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It should be obvious to readers, by now, that hip hop truly is a global phenomenon. That said, there are still many, many places that I haven’t heard from personally, and they might not be getting much attention outside of their area. The good news is that we live in the age of the Internet, and while some areas of the world aren’t as well connected as others, there’s still this hope that we can all share thoughts, ideas, emotions, and music with each other. This is all to say that I was very happy to find in my inbox and beat tape from SufYan, and young producer from Khartoum, Sudan.
In 2011, Baltimore emcee Substantial spent some time in hospital facing a possible cancer scare. While recovering from preventative surgery, he started playing around with remixing some Jill Scott songs, one of his favorite artists, to keep his mind occupied. As it turns out, this became more than just a way to keep himself busy while facing a health scare. The result is the perfect outcome of a tribute project - we get to appreciate the immense talent that is Jill Scott, while also getting to know Substantial as an artist as well.
Sankofa is an emcee from Fort Wayne that’s been releasing music since 1999. As of right now, Sankofa is releasing this album as a farewell to fans, as ‘fatherhood and the rest of life [is] taking up enough of my energy.’ I wish him the best, but hopefully this won’t be the end, since he's never really gotten the exposure that he deserves.
It’s been a while since Kimya Dawson and Aesop Rock first announced that they were working on a full length album together, and now it is finally available in the form of Hokey Fright. Both have unique voices, coming from distinctly different backgrounds. Dawson comes from the anti-folk scene with the Moldy Peaches, and Aesop Rock helped lay the foundation at Definitive Jux.
A Tribe Called Red is the Ottawa trio of DJ Shub, DJ NDN, and DJ Bear Witness. The three talented deejay/producers (Shub is a two-time Canadian DMC champion) also share a heritage as Native Americans. They came together to develop a style of music that mixes hip hop, dancehall, and house music with traditional pow wow drumming and singing, which they’ve taken to calling “Pow Wow Step.” They made their debut last year with their self-titled album, and are already right back with their sophomore effort.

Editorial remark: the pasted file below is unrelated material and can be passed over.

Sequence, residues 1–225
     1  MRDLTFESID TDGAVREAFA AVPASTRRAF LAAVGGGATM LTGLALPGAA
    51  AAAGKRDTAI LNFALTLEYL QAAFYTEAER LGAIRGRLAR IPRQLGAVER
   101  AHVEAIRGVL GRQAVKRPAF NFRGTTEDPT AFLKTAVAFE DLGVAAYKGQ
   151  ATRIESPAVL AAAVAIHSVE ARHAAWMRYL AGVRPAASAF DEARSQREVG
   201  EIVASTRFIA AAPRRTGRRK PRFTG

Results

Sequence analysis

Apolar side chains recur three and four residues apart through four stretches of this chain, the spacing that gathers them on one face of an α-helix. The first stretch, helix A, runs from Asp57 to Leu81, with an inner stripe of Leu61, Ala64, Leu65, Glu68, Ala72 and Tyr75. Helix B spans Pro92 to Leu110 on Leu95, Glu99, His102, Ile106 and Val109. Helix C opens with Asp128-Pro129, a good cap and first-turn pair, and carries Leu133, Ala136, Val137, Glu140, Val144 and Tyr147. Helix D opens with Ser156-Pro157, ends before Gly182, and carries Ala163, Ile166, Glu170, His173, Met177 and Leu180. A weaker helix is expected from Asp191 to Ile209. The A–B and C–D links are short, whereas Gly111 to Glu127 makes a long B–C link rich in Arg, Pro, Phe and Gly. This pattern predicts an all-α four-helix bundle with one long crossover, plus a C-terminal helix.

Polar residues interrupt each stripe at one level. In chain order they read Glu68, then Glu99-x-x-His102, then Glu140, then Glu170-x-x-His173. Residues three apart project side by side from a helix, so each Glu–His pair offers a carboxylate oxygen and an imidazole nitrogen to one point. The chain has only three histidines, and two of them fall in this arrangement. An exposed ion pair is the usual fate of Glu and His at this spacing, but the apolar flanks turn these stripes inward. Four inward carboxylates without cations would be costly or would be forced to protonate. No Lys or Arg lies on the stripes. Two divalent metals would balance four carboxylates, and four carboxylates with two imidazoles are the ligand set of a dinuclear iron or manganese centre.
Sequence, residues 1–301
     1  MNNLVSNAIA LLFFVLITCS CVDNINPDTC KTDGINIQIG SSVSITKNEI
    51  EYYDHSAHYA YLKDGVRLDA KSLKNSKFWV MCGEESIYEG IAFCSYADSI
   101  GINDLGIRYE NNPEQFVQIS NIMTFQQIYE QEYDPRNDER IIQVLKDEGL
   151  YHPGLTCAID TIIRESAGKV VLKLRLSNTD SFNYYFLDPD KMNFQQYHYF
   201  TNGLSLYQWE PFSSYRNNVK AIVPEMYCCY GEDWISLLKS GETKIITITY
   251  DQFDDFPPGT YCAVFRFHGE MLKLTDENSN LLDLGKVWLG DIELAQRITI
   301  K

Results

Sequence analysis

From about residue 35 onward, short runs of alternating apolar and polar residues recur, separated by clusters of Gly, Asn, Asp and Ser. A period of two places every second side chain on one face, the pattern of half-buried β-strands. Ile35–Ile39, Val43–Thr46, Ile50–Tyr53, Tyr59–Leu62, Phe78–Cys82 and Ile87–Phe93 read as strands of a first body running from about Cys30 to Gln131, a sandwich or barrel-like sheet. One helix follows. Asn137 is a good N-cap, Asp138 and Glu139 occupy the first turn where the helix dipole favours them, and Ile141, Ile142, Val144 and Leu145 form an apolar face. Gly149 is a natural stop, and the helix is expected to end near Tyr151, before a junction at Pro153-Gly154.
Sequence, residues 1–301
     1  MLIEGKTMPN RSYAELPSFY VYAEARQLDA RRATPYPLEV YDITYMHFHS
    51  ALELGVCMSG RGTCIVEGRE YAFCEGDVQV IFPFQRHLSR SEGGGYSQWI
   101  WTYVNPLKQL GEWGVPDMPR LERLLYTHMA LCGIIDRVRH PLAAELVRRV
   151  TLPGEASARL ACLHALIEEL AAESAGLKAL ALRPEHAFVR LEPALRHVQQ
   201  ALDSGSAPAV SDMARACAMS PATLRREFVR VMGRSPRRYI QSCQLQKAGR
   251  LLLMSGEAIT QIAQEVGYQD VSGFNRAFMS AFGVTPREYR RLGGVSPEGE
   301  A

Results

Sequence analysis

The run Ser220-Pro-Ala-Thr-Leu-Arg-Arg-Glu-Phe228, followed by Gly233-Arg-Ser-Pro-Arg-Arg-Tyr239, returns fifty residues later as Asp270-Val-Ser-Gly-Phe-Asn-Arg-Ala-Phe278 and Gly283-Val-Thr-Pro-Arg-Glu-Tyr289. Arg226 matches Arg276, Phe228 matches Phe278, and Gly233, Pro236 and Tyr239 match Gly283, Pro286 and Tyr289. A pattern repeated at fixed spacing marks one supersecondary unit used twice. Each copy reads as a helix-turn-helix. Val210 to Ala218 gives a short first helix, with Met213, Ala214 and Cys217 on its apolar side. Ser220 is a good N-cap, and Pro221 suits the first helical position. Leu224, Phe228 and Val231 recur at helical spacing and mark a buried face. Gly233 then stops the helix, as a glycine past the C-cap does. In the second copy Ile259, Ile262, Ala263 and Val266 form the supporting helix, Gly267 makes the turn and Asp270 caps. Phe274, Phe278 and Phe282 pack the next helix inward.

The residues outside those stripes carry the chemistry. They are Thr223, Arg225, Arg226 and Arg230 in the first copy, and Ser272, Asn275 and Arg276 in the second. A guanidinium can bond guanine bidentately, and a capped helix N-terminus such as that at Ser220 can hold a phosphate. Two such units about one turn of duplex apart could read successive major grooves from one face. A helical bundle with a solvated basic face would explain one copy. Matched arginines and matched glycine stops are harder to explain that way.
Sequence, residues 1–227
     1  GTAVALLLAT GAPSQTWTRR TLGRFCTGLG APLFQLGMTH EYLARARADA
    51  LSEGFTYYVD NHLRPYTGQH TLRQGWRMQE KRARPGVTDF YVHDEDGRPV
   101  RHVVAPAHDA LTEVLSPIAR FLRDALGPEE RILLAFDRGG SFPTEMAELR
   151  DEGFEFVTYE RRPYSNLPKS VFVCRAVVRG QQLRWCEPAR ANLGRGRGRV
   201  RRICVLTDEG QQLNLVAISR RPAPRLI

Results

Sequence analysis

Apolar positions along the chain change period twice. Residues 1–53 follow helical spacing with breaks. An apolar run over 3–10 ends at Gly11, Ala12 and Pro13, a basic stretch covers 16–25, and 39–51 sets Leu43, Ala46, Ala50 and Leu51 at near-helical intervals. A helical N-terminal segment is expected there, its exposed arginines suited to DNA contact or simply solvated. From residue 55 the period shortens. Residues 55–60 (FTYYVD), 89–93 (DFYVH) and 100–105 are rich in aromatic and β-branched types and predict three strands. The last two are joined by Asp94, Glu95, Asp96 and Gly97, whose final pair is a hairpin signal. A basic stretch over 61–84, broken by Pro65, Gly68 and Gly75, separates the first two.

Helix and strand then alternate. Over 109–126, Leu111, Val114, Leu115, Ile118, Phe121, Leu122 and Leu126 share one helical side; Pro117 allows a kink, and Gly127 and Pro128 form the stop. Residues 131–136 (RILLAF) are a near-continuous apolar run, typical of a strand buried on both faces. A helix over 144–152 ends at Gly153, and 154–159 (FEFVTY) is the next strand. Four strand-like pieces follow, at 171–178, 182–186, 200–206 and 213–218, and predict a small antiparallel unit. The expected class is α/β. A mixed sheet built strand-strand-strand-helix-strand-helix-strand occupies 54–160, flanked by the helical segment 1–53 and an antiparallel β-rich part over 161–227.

Toronto emcee/producer and Backburner member More or Les has released several albums over the years, including last year's exceptional Mastication. During SXSW, he sat down with us to discuss his music, and of course, brunch.
Scratched Vinyl: The new album, Mastication, is all about food, but it’s not the first time you’ve done food raps. When did you first start doing the food subject matter?
More or Les: The food thing?
SV: The food thing.
The Toronto/Halifax production duo of Fresh Kils and Uncle Fester have returned to drop their sophomore album, roughly two years after their debut album, The Mint Condition. The original project stemmed from Fester gaining access to a lot of CBC jazz session recordings and getting permission to make hip hop records from them. It also signaled the first time that Fester and Kils would steer the ship and be in the forefront as producers.
Over the past decade-plus, Talib Kweli has remained a constant for hip hop fans.
Thaione Davis has been a veteran of the Chicago hip hop scene for years. The Joys of Life & Pain marks his ninth full length album, right on the heels of his last album, Seventeen, which came out last August. He’s been remarkably consistent over the course of his career, and this album is no exception.